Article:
Bob Dylan: Dont Look Back
Bob Dylan: Dont Look Back

Dont Look Back is a 1967 American documentary film directed by D. A. Pennebaker that covers Bob Dylan’s 1965 concert tour in England.

In 1998, the film was selected for preservation in the United States National Film Registry by the Library of Congress as being deemed “culturally, historically, or aesthetically significant”.[1][2] In a 2014 Sight & Sound poll, film critics voted Dont Look Back the joint ninth best documentary film of all time.[3]


The opening scene of the film has Dylan displaying and discarding a series of cue cards bearing selected words and phrases from the lyrics to his song “Subterranean Homesick Blues” (including intentional misspellings and puns).[4] This was the first single from his most recent album, and a top ten hit in the UK when he filmed it there (a fact discussed in the film). Allen Ginsberg appears in the background having a discussion with another person.

The film features Joan Baez, Donovan and Alan Price (who had just left the Animals), Dylan’s manager Albert Grossman and his road manager Bob Neuwirth. Marianne Faithfull, John Mayall, Ginger Baker, and Allen Ginsberg may also be glimpsed in the background. Notable scenes include:

  • Dylan’s extended taunting of Time Magazine’s London arts and science correspondent Horace Freeland Judson who was subjected to what he believes to be a contrived tirade of abuse from Dylan.
  • Dylan’s interrupting Alan Price’s backstage performance of “Little Things” to ask Price why he left the Animals.
  • Dylan and Baez singing Hank Williams songs in a hotel room, as well as Baez singing the first few verses of “Percy’s Song” and “Love Is Just a Four-Letter Word” (which was still apparently unfinished at the time, as Baez later tells Dylan, “If you finish it I’ll sing it on a record”; she would record it on Any Day Now in 1968).
  • Dylan’s pre-concert philosophical jousting with a “science student” (Terry Ellis, who later co-founded Chrysalis Records).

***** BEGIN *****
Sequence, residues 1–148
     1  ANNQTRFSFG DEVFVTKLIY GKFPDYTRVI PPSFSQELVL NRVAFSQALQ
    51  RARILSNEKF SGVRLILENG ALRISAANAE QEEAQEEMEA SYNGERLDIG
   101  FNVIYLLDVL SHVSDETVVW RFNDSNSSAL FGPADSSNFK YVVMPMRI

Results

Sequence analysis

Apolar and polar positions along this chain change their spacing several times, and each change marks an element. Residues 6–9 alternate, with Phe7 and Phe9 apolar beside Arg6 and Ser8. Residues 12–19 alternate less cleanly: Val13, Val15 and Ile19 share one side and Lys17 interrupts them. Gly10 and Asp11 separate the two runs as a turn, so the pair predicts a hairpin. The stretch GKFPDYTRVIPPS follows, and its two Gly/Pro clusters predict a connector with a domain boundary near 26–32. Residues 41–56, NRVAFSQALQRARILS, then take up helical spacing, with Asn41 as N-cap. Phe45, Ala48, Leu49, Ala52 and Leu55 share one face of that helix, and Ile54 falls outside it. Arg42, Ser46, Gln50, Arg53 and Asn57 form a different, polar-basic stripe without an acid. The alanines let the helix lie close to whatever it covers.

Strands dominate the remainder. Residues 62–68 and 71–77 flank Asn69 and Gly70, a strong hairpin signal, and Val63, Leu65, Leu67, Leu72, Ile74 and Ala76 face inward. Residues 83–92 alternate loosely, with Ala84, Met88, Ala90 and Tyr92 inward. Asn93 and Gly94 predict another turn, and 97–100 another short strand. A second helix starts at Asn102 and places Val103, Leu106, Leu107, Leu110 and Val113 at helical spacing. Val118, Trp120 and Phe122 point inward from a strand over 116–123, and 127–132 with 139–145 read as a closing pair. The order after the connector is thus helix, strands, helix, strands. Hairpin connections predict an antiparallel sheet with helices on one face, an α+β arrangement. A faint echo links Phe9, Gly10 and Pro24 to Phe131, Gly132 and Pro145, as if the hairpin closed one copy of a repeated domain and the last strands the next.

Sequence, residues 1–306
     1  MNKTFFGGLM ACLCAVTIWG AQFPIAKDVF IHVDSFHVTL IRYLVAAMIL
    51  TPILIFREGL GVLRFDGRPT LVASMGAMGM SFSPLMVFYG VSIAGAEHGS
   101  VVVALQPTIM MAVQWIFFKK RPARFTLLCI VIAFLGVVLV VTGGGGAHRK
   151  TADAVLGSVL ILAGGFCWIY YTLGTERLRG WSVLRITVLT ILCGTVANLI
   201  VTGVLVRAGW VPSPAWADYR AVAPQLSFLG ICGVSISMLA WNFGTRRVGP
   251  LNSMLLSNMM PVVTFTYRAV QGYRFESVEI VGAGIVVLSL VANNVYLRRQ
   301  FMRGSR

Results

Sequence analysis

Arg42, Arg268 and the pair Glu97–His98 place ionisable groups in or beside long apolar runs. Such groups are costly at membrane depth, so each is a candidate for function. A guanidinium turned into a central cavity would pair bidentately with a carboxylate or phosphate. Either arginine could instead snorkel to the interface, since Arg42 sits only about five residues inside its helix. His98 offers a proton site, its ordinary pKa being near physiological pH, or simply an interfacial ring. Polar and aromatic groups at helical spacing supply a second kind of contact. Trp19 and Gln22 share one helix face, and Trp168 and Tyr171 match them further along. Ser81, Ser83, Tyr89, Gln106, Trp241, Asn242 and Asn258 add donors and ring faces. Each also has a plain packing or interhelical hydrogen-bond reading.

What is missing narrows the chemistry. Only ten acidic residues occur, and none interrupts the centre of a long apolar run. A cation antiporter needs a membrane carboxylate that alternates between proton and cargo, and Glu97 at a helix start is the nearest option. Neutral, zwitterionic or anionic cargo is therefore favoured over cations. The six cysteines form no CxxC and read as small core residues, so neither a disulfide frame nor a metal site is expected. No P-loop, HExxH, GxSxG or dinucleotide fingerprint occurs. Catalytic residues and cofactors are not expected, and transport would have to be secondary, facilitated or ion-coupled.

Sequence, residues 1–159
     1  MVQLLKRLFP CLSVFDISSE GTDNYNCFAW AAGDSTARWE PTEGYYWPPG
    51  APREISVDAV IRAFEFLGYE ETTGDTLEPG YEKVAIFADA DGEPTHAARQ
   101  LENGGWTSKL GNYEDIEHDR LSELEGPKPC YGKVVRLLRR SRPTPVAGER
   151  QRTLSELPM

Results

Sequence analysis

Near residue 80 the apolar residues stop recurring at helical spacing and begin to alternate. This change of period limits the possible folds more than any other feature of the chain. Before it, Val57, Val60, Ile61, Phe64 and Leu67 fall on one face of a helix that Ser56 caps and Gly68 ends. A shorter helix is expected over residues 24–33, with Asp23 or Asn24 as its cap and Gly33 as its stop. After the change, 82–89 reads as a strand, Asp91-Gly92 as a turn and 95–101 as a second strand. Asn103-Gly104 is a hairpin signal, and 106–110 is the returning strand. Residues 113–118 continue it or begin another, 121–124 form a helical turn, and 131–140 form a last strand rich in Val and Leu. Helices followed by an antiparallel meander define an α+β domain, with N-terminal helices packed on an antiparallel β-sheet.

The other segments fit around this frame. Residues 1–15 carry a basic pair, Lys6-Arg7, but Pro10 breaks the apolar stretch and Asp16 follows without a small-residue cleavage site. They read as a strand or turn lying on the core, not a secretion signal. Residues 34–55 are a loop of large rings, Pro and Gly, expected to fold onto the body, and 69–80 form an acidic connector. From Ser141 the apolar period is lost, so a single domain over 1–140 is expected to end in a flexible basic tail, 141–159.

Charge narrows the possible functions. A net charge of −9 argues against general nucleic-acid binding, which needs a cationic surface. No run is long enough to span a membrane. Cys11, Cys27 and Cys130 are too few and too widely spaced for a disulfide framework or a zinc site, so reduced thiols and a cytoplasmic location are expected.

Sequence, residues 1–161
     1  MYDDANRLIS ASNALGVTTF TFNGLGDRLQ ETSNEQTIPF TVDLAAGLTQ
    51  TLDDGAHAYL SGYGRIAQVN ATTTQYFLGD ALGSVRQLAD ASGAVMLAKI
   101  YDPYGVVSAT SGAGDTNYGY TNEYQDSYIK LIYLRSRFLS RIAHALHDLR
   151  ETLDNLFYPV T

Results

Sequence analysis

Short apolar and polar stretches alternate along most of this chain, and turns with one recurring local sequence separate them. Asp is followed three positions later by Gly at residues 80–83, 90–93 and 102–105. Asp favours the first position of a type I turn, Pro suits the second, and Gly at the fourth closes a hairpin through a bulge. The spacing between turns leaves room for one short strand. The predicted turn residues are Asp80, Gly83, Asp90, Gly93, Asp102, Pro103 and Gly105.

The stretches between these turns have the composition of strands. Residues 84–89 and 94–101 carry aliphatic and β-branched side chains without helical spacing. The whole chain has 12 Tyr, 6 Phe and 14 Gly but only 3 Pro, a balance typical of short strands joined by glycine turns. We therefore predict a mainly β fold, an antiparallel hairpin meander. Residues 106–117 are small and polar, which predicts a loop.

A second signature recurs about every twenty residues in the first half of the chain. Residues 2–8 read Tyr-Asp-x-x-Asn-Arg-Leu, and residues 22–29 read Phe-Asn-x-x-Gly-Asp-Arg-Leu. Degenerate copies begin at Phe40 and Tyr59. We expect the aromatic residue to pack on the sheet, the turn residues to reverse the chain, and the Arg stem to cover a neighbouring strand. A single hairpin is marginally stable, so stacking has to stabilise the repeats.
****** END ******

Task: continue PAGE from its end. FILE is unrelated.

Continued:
• Grossman negotiating with former bebop dance band leader and music agent Tito Burns.
  • Dylan singing “Only a Pawn in Their Game” on July 6, 1963, at a Voters’ Registration Rally in Greenwood, Mississippi (shot by artist and experimental filmmaker Ed Emshwiller).
  • A selection of songs from Dylan’s Royal Albert Hall performance.
  • Dylan regaling the room with “It’s All Over Now, Baby Blue” at Donovan’s request after proclaiming “Hey, that’s a good song, man!” during Donovan’s performance of “To Sing for You”.



  • Bob Dylan
  • Albert Grossman
  • Bob Neuwirth
  • Joan Baez
  • Alan Price
  • Tito Burns
  • Donovan
  • Derroll Adams


  • Howard Alk
  • Jones Alk
  • Chris Ellis
  • Terry Ellis
  • Marianne Faithfull
  • Allen Ginsberg
  • Dorris Henderson
  • John Mayall
  • Brian Pendleton
  • John Renbourn
  • Tom Wilson


D. A. Pennebaker speaking at DVD re-release event on February 27, 2007

The original title of this film is Dont Look Back, without an apostrophe in the first word. D. A. Pennebaker, the film’s writer director, decided to punctuate the title this way because “It was my attempt to simplify the language”.[5] Many sources, however, have assumed this to be a typographical error and have “corrected” the title to Don’t Look Back. In the commentary track to the DVD release, Pennebaker said that the title came from the Satchel Paige quote, “Don’t look back. Something might be gaining on you,” and that Dylan shared this view.